I thought today that I would share a couple of things and perhaps save you and your family from learning some tough lessons the hard way.
1. Know the lingo: wording is everything when it comes to dealing with insurance companies as well as choosing doctors and dentists.
Do you see a difference between the following two statements?
Yes, we accept your insurance.
Yes, we participate with your insurance.
The difference could actually cost you hundreds of dollars.
When a physician's office tells you that they "accept your insurance" what they might actually be saying is that they will file a health insurance claim on your behalf, and that they will be glad to receive whatever payment your insurance pays as partial payment for their services. In the end they will look at the amount your insurance pays and if it is a high enough payment usually cut you a "really good deal" on the balance, but either way you will still be surprised by unexpected fees.
When a medical practice tells you that they "participate with your insurance", they are saying that they have a contracted agreement with your insurance company, and accept a pre-negotiated rate for services they provide. You may still owe a copay or coinsurance according to your family health insurance plan, but you won't be responsible for amounts outside your contract, or subject to inflated fees.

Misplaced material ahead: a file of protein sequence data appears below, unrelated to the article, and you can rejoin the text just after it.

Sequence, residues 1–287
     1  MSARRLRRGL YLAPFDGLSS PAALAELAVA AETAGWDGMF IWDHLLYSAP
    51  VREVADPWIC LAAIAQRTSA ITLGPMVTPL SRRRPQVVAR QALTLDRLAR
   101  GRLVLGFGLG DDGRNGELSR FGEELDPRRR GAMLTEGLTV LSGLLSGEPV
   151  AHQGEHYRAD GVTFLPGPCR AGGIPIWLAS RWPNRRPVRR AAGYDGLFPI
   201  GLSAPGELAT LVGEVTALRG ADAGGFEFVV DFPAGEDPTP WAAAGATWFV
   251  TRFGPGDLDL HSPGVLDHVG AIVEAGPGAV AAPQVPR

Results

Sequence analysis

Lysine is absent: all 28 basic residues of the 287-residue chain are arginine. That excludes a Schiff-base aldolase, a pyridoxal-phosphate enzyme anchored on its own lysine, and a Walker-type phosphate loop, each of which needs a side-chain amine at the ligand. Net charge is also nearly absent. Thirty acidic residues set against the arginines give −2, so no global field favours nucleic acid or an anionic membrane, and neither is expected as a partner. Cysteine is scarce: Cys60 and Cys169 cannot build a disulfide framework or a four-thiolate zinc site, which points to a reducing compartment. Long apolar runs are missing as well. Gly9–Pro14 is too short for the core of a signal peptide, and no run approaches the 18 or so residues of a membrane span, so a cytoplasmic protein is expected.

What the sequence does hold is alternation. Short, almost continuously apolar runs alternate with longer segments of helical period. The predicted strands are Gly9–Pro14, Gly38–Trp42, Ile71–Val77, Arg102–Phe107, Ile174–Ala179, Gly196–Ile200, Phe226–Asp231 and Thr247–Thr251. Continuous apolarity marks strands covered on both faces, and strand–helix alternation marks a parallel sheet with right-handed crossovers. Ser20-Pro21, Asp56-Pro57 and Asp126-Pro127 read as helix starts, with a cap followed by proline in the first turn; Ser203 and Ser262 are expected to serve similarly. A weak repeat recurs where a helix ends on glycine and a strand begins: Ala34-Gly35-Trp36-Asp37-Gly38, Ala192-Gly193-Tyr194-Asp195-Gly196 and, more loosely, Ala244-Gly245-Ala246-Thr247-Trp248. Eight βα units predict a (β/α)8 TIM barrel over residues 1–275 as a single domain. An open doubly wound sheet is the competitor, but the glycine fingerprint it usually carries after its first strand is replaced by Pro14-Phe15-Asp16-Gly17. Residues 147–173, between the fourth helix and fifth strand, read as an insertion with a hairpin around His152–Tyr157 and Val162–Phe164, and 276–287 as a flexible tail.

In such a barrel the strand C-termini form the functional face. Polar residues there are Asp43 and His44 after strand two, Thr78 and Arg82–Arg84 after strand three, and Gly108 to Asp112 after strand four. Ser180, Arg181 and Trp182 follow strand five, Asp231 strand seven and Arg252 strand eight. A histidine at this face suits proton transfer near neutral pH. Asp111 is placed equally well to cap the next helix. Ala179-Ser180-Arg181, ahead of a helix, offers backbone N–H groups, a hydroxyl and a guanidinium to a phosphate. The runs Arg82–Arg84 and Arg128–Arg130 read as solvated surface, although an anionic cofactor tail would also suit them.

The bottom line: always ask if they are a contracted participating provider with your specific plan.
2. Know the loopholes: when your health is at stake, making a little noise can work in your favor. I personally worked for a group of the top neurosurgeons in New York and only a small handful participated with insurance. However; I specialized in getting these physicians one-time contracts with insurance companies by pushing their specific techniques, specialization in a field and the failure of other surgeons to provide the same level of care.
The bottom line: it is your body, and you do have a choice on who provides your care, even when certain contracts restrict you to a network of providers. Your fight will be in not giving in to the insurance company's attempts to persuade you to settle for something else. I cannot in any way guarantee that a fight will always end in your favor, however; if it is important to you, you should fight until all options are exhausted, including all levels of appeals.
3. Know that its a business: the health care industry is a booming one. The insurance company's are trying to make money, and so are the doctors. Taking care of you is a means to an end. Sad, yes, but very true.
The bottom line: Don't just behave like a patient, behave like a consumer. Shop around. Review recommendations online before wasting your time. Don't go back to a place if you are treated poorly, the place is a dump or there are any red flags. Get second opinions. Sadly, some surgeons (I'd wager more than half) really care more about the number of surgeries they perform than your personal surgery. They may even try to do a more complex or invasive procedure than is needed.
I hope these tips help you, and feel free to send me an email if you have specific health care related questions. I'll do my best to help you find your way.